There are very few things more hypnotic than watching an embroidery machine do its work. When watching my wife’s machine working on festive decoration, I thought about how I’d create something similar in Houdini. Turns out it isn’t too complicated once you’ve figured out how to make the stitches run into a certain direction.
We have something special for the upcoming holiday season for you: Snowflakes! This was the very first paper I ever implemented in Houdini – what a feeling! I recorded it a while back in summer but then decided to wait until the right season. As the first snow is hitting the Munich area I guess it is about time to release the tut 🙂
Heightfields are a nice addition to Houdini 16 for environment work. They more or less replicate the functionality of programs like Worldmachine. In today’s tutorial Manuel shows you how to create a terrain from scratch in Houdini and how to render it directly in Redshift3D, without baking out textures manually.
To complement our PBD Wire Setup, here is a tutorial on a topic I’ve personally been struggling a lot when I first tried wrapping my head around constraint networks. Similar to what we’ve been doing in PBDs, we’re gonna build a network of interconnecting wires – this time using Houdini’s wire solver.
You might not be aware of the fact that you most likely have been using the algorithm we’re discussing here – at least if you’ve ever worked in 3D. Quadtrees (and their relatives, KD-Trees and Octrees) are used to accelerate point queries (ever used pcfind() or nearpoints() in Houdini?), make rendering faster (ever waited for “building raycast accelerator” to finish?) or to compress images. Also they are mesmerizing to look at.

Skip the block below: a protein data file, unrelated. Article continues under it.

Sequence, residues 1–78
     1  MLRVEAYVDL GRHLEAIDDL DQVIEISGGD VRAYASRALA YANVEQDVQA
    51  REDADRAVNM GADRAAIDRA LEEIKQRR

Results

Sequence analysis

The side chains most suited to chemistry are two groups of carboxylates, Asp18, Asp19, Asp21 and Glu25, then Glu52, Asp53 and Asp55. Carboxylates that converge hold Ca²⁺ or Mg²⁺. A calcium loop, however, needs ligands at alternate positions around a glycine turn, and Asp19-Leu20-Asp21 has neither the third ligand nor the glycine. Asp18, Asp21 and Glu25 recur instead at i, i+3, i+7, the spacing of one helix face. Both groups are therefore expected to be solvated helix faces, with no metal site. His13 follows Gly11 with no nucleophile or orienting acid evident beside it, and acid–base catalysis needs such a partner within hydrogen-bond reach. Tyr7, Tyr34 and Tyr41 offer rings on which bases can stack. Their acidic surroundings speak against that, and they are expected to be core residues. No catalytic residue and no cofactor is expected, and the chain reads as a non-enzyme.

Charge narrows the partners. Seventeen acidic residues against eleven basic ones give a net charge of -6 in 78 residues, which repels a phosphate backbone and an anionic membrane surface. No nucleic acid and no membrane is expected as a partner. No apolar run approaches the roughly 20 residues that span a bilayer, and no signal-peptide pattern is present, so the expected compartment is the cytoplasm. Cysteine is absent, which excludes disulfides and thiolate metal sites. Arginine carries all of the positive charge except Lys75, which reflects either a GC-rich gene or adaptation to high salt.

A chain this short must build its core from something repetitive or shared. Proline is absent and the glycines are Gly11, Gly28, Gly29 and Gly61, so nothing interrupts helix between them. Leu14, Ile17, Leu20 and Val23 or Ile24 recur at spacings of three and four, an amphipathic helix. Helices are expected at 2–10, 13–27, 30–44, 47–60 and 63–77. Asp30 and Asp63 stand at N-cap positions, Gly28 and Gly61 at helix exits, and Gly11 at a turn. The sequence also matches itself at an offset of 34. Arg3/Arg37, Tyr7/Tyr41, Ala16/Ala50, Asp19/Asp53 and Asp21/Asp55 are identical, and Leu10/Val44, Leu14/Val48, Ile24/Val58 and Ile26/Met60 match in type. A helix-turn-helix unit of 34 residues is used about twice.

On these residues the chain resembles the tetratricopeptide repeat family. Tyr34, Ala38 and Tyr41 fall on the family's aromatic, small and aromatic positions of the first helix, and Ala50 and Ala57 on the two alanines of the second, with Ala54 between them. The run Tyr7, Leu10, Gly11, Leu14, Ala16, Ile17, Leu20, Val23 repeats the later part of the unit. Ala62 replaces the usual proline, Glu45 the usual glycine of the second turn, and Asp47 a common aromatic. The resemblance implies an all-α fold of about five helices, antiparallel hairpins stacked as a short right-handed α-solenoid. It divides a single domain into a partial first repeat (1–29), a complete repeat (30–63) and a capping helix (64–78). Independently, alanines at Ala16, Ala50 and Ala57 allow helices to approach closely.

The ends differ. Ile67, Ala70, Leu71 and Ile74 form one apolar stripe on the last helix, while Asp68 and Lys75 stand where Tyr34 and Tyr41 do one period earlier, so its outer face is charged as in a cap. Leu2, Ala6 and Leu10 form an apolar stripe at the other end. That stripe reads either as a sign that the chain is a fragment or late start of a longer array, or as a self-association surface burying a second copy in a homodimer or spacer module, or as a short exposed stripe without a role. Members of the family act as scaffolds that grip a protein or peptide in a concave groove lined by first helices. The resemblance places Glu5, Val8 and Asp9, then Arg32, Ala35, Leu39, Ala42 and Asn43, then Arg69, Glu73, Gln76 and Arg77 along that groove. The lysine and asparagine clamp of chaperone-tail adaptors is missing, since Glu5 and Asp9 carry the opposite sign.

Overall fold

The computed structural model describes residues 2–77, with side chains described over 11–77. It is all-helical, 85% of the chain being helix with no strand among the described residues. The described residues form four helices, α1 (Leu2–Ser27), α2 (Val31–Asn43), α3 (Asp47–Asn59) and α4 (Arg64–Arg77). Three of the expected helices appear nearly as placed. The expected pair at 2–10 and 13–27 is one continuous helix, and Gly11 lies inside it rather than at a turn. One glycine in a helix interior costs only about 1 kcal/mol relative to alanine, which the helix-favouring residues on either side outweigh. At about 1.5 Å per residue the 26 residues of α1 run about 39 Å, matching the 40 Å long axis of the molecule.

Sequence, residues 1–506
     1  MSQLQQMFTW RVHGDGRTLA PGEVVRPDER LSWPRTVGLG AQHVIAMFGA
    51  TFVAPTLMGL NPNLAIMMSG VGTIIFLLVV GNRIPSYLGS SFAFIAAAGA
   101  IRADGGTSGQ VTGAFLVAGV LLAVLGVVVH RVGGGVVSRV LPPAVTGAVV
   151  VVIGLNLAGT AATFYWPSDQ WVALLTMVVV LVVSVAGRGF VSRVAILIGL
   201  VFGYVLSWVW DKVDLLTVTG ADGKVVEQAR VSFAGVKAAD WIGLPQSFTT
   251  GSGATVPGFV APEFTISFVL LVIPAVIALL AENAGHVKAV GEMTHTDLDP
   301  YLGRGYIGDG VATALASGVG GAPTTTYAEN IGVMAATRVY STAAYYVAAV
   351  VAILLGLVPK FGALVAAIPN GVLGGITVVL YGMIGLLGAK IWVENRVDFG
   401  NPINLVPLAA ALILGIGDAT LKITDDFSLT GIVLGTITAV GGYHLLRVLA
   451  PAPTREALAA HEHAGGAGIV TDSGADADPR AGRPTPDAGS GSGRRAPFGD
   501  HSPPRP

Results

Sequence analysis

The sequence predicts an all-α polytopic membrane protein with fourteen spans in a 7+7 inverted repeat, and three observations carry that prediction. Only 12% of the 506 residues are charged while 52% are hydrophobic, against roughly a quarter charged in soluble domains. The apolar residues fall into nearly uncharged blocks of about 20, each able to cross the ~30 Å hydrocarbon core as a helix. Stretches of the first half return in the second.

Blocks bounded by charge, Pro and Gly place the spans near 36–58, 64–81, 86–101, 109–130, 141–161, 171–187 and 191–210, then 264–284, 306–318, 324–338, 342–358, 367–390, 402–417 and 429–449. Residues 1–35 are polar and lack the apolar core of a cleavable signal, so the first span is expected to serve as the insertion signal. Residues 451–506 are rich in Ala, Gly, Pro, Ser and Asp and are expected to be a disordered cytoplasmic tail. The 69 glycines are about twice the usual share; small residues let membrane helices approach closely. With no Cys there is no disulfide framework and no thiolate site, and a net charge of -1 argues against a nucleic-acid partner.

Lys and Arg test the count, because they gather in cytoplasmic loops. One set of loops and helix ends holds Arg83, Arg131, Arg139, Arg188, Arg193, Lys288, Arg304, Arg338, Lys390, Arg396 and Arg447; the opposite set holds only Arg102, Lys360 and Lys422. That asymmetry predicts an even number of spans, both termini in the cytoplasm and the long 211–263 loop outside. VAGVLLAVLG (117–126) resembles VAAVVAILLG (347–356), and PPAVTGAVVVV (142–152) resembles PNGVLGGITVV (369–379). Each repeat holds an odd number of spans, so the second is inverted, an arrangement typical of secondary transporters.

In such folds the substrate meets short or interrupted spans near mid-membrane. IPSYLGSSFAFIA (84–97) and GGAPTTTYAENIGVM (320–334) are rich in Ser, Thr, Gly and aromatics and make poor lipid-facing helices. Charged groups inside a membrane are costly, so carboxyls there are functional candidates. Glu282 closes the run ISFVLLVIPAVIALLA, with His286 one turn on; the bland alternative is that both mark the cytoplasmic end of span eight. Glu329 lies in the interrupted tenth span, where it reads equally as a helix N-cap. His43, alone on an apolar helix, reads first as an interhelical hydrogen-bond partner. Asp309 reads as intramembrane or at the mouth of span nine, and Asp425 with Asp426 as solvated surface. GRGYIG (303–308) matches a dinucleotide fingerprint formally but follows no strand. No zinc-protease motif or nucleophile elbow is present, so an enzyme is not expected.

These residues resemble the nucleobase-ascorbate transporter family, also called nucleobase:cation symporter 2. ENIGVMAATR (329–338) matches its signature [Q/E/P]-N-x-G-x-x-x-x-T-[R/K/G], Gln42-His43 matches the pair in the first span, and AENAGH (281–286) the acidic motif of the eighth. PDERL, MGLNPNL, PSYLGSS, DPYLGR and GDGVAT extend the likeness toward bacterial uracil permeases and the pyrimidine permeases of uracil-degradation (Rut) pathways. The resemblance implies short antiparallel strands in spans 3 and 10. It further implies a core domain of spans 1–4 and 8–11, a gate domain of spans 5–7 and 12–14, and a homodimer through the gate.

Branching growth is fascinating as it has a lot of hidden structure to it and is very intricate. Many methods have been proposed over the years to model branching structures, like trees. One algorithm that is particularly beautiful and simple is the “Space Colonization” algorithm, that Adam Runions proposed in 2007. It models branches by looking at their competition for space. The space that contains the branches is filled with points that serve as attractors […]
The past decade has seen a wealth of data visualization elements in UI design, movie sets and motion graphics. When it comes to creating these elements you’re left with two approaches: faking it vs. the real thing. In this quicktip we’re doing the real thing when it comes to flight data. We’re taking publicly available airport and route data and model the (usually) invisible lines that connect our world by air travel.
Quite some time ago I was trying to cook up something like the guys at moviebarcode.com: Some setups that’d deconstruct a given movie into its individual colors in a visually pleasing manner. Recently I thought it was time to try another attempt. Instead of linearly mapping the individual frames’ colors on a 2D plane, this time I wanted to create something that took advantage of 3D space.